Health & insurance
Norway is, in general, a very healthy place and no special precautions are necessary when visiting. The biggest risks are likely to be viral infections in winter, sunburn and insect bites in summer (be sure to check for ticks if you've been in wooded/grassy areas), and foot blisters from too much hiking.
Before You Go
We strongly recommend that all travellers take out a travel insurance policy before travelling. Make sure the policy covers ambulances and an emergency flight home. A policy that pays doctors or hospitals directly may be preferable to one where you pay on the spot and claim later. If you have to claim later, make sure you keep all documentation.
In Norway, EU citizens may be required to pay a service fee for emergency medical treatment, but presentation of an EHIC card will certainly expedite matters and minimise the amount of paperwork involved. Inquire about these at your national health service or travel agent well in advance.
Worldwide travel insurance is available at www.lonelyplanet.com/bookings. You can buy, extend and claim online anytime – even if you're on the road.
If you're planning you be in the outdoors during prime tick season (spring to early autumn), you may wish to consider vaccinating against tick-borne encephalitis, a viral infection transmitted through bites from infected ticks.
World Health Organization (WHO) also recommends that all travellers should be covered for diphtheria, tetanus, measles, mumps, rubella and polio, regardless of their destination.
Availability & Cost of Healthcare
If you do fall ill while in Norway you will be very well looked after as health care is excellent.
Most medications are available in Norway, but may go by a different name than at home, so be sure to have the generic name, as well as the brand name. If carrying syringes or needles, be sure to have a physician's letter documenting their medical necessity. For minor illnesses, pharmacists can dispense valuable advice and over-the-counter medication.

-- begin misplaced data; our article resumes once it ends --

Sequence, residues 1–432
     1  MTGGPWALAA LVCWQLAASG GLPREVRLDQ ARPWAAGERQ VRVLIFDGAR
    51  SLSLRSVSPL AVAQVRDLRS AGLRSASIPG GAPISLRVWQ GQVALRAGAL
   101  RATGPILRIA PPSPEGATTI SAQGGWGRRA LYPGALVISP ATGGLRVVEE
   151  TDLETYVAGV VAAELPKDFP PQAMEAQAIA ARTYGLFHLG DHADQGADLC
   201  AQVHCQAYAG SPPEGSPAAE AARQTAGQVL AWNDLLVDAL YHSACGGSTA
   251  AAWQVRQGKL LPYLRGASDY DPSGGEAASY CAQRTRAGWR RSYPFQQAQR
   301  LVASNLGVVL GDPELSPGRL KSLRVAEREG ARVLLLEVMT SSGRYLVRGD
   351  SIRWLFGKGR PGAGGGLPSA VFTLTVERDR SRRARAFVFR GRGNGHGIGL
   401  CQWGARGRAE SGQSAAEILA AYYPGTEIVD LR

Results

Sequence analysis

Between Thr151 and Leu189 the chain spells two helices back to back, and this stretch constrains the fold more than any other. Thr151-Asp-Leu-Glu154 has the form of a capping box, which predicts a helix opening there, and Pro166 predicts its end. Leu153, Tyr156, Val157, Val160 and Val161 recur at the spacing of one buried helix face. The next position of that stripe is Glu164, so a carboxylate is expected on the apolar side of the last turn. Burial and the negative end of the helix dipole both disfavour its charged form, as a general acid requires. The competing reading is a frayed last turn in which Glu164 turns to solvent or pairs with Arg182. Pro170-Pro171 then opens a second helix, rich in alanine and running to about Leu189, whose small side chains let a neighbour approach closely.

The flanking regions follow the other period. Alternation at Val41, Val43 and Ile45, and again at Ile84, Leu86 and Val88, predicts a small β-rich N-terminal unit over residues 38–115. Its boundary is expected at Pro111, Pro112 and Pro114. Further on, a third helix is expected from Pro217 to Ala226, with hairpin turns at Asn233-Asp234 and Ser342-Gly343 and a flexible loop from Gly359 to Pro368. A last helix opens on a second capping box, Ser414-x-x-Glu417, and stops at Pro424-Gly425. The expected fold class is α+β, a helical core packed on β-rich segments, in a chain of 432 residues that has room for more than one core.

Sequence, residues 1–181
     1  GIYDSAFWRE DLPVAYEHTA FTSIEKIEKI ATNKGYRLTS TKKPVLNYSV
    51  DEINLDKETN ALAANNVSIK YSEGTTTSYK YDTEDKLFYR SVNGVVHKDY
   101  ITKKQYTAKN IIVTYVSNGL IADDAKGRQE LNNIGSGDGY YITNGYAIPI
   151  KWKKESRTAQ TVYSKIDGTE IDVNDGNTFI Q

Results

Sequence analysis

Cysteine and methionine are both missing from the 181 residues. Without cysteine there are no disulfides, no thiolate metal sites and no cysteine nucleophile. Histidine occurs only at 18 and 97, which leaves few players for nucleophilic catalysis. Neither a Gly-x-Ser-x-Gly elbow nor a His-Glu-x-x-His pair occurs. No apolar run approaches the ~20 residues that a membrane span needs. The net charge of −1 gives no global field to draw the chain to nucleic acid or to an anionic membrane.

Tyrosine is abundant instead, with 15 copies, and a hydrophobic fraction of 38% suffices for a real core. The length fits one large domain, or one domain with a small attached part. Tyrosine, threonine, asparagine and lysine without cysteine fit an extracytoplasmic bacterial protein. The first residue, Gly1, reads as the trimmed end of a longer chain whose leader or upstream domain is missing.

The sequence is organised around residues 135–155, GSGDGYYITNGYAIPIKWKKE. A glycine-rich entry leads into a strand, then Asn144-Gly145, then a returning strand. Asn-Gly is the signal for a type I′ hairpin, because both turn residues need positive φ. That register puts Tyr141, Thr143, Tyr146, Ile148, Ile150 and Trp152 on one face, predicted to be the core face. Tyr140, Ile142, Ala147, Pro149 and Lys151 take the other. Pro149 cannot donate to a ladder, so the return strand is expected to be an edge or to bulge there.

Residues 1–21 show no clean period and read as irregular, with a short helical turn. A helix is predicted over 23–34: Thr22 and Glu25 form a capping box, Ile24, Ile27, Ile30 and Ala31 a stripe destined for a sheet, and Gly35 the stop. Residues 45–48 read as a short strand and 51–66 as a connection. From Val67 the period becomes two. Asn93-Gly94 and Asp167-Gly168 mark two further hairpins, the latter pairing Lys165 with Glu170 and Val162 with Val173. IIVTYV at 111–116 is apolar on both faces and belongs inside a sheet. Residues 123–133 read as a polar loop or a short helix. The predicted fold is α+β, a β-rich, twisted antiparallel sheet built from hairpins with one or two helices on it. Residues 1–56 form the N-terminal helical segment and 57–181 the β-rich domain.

Like almost everything else, medical care can be prohibitively expensive in Norway and insurance is a must.
Tap water is always safe to drink in Norway so fill up a reusable bottle to stay hydrated and help avoid plastic pollution.
Water In The Great Outdoors
Out in the wilds, it's wise to beware of drinking from streams, as even the clearest and most inviting water may harbour giardia and other parasites. For extended hikes where you must rely on natural water sources, the simplest way of purifying water is to boil it thoroughly; at high altitude water boils at a lower temperature, so germs are less likely to be killed. Boil it for longer in these environments (up to 10 minutes).
If you cannot boil water it should be treated chemically. Chlorine tablets (Puritabs, Steritabs or other brands) will kill many pathogens, but not giardia and amoebic cysts. Iodine is more effective in purifying water and is available in tablet form (such as Potable Aqua). Too much iodine can be harmful.
Rabies, caused by a bite or scratch by an infected mammal, is found in Svalbard and (occasionally) in eastern Finnmark. Dogs are a noted carrier, but cats, foxes and bats can also be infected. Any bite, scratch or even lick from a warm-blooded, furry animal should be cleaned immediately and thoroughly. Scrub with soap and running water, and then apply alcohol or iodine solution. If you've been infected by a rabid animal, medical help should be sought immediately.
Norway's perilously cold winters require that you take the proper precautions if travelling at this time. And even on a hot day in the mountains, the weather can change rapidly – carry waterproof garments and warm layers, and inform others of your route.
Symptoms of hypothermia are exhaustion, numb skin (particularly of the toes and fingers), shivering, slurred speech, irrational or violent behaviour, lethargy, stumbling, dizzy spells, muscle cramps and violent bursts of energy. Irrationality may take the form of sufferers claiming they are warm and trying to take off their clothes.
To treat mild hypothermia, first get the person out of the wind and/or rain, remove their clothing if it’s wet and replace it with dry, warm clothing. Give them hot liquids – not alcohol – and high-kilojoule, easily digestible food. Do not rub victims: allow them to slowly warm themselves instead. This should be enough to treat the early stages of hypothermia. The early recognition and treatment of mild hypothermia is the only way to prevent severe hypothermia, which is a critical condition.
Insect Bites & Stings
In northern Norway, the greatest nuisances are the plagues of blackflies and mosquitoes that swarm out of tundra bogs and lakes in summer. Fortunately, malaria is unknown, but the mental risks can't be underestimated, as people have literally been driven insane by the ravenous hordes. Midsummer is the worst, and regular mosquito coils and repellents are scarcely effective; hikers must cover exposed skin and may even need head nets to keep the little buggers from making kamikaze attacks on eyes, nose, ears and throat. If you're camping, a tent with mosquito netting is essential.